The United Kingdom’s food and grocery sector is one of the most dynamic and competitive markets on the planet, with IGD predicting 10% market growth to £196.9bn over the next five years. Underpinning this dramatic growth is online which remains the foremost growth channel at +68%.
Today, almost half (48%) of Brits are current online grocery shoppers, with one in ten (11%) doing all of their grocery shopping online, with a further 12% doing most of their grocery shopping online. Nick Carroll, retail analyst at Mintel, believes this growth is driven by increasing consumer convenience.
“The shift away from superstores to more convenient shopping channels is certainly benefiting the market with the majority of consumers now doing some grocery shopping online, and almost a third saying that they now shop online more than a year ago,” he said.
And whilst the majority of online shoppers do still mix online shopping with store-based shopping, consumers are becoming increasingly comfortable shopping at online-only retailers, a shift that’s forcing traditional bricks and mortar retailers to ensure their online shopping experience measures up.
Many large store operators are pursuing a number of initiatives, ranging from a focus on click and collect through to leveraging smartphone store navigation technology, to remain competitive.
Tesco’s online customer proposition and trading director, Eve Henrikson, believes this focus on mobile experience is key to remaining competitive in a sector experiencing increased competition.
“Mobile plays an important role and has for a number of years now superseded traffic we receive from other devices. Many of our customers use their mobile not just for shopping online but also researching products before they shop or whilst they are in our stores,” she said.
“Many of our customers also use multiple devices as part of an online grocery order. They might place the order on their tablet, then continue adding and removing items until the morning of the day their delivery is due on their phone or desktop. We therefore need to ensure that the experience is consistent and simple whatever device they use.”
Martin Newman, founder and executive chairman of e-commerce and multi-channel retail consultancy Practicology, believes this focus on mobile needs is paramount to ensure customer’s get what they need.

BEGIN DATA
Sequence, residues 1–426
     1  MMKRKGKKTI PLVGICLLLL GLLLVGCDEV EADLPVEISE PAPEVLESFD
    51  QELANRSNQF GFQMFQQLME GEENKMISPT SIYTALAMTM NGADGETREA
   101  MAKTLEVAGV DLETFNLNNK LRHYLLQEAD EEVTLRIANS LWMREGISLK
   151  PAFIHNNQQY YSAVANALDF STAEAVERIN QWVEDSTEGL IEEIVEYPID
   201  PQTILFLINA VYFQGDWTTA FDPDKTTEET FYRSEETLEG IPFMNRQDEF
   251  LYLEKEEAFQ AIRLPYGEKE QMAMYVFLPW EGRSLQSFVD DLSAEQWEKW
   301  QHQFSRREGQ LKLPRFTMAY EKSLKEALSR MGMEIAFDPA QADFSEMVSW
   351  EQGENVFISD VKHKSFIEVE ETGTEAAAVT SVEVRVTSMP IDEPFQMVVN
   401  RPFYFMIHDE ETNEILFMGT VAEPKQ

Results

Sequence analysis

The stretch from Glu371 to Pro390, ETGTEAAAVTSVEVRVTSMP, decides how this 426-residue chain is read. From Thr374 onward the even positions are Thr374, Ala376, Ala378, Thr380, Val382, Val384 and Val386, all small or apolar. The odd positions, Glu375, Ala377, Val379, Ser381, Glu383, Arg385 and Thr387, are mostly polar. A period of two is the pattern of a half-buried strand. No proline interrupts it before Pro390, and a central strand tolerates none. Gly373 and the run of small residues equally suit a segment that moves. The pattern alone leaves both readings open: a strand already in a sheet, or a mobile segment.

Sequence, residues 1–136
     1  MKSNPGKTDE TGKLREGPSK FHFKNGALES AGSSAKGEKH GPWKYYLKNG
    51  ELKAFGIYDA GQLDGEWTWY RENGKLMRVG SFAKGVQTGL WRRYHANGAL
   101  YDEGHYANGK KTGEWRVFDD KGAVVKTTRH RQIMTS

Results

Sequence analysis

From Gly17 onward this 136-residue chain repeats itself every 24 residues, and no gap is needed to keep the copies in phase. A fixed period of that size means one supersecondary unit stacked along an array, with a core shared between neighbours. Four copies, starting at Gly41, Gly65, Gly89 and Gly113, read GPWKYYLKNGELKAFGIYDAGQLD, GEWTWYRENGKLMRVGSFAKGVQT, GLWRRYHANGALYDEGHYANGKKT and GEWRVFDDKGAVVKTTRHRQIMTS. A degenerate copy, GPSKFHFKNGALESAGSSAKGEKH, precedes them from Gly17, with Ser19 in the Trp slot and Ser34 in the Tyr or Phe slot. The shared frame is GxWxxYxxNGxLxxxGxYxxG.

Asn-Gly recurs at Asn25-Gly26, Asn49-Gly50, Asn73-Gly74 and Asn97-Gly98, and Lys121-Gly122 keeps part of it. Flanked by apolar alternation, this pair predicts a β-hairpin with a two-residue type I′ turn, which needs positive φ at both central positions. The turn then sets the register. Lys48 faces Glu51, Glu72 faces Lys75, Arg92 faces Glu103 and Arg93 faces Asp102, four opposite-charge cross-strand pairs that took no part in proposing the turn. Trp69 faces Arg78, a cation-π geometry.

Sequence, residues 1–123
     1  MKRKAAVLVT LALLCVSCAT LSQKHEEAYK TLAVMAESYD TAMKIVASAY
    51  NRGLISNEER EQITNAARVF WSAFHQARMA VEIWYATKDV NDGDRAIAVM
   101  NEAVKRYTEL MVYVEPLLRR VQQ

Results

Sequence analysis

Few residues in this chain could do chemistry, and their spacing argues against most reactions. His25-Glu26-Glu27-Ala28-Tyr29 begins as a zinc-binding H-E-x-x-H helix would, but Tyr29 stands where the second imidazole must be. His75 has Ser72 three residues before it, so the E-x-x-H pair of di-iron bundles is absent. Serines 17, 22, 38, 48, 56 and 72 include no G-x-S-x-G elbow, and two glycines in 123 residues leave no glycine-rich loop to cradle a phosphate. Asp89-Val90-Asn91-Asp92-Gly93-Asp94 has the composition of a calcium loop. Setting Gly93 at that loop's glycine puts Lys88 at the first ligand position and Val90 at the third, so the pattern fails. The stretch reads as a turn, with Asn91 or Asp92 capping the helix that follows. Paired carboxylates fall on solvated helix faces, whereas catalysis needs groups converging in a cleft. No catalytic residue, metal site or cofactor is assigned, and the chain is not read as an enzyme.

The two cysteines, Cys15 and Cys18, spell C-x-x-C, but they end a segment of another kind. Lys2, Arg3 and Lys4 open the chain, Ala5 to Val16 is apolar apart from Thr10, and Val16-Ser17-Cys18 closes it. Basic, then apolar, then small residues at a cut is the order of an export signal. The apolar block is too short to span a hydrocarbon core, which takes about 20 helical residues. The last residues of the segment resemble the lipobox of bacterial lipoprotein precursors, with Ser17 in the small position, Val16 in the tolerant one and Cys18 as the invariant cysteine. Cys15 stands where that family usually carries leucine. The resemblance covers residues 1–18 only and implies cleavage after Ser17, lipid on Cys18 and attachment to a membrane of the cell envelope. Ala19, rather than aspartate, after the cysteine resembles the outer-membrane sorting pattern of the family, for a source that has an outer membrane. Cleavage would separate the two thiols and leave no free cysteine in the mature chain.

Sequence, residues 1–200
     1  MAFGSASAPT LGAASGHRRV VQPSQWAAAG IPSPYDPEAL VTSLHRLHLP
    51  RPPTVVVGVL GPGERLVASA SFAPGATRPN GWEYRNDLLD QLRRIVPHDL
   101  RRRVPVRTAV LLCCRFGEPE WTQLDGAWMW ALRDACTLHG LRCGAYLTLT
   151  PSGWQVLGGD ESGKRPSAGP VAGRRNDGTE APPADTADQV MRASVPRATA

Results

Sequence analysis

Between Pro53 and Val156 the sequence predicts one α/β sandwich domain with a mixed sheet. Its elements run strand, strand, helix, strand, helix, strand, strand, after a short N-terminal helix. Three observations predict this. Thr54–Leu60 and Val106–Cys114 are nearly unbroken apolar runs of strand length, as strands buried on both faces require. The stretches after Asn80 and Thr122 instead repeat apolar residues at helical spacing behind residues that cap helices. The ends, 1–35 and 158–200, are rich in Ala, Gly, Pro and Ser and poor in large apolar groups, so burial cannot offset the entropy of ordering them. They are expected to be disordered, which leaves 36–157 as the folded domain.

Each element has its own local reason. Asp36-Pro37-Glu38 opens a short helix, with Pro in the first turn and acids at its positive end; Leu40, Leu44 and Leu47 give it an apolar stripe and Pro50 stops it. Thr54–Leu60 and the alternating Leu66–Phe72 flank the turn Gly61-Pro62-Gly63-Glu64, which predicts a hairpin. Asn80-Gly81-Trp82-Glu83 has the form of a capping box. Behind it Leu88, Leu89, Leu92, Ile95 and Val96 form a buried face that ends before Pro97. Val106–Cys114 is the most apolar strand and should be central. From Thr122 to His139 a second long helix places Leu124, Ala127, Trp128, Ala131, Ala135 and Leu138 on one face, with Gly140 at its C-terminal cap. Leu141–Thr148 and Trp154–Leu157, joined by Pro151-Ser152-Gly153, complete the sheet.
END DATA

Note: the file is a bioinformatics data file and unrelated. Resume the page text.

“Retailers need to focus on the entire journey along the path to purchase, and beyond. Customers often start their journey on their mobile phone and use their phone with increasing frequency when on the path to purchase. Whether that’s to price compare when they’re in a retailer’s store, or when they’re looking for a particular brand or product ‘near them’, or even just to transact directly from their mobile,” he said.
“The big change in the last 20 years is that the balance of power has shifted from the retailer to the customer. And mobile is at the heart of putting the customer in control of where, when and from whom they buy. It’s a core part of the customer’s journey, so it needs to be treated as such.”
Given mobile’s central role in many consumers’ lives, it’s not surprising that Tesco has taken a ‘convenient commerce’ approach in order to stand out in the online retail sector by focusing on making their customer’s lives easier.
“We want to understand how we can help our customer’s in their daily, often very busy lives. For many people, online grocery shopping is an opportunity to save time, so we focus on offering a convenient and reliable shopping experience that helps with that. This includes a user-friendly and simple online experience, delivery and collection options that fit around your day – be that three weeks in advance or today, and helpful service at your doorstep through our delivery drivers,” she said.
“But just having an easy to use mobile offering isn’t enough anymore, you have to do more to stand out. Sometimes it’s small things that can make all the difference for our customers. For example, we automatically save customers’ favourites from previous shops which is often used for repeat orders. For Christmas we created suggested shopping lists for all of our customers – using a combination of customers’ past Christmas preferences and insight around festive shopping behaviour to surface personalised recommendations. These initiatives have been really well received, so we know we’re on the right track.”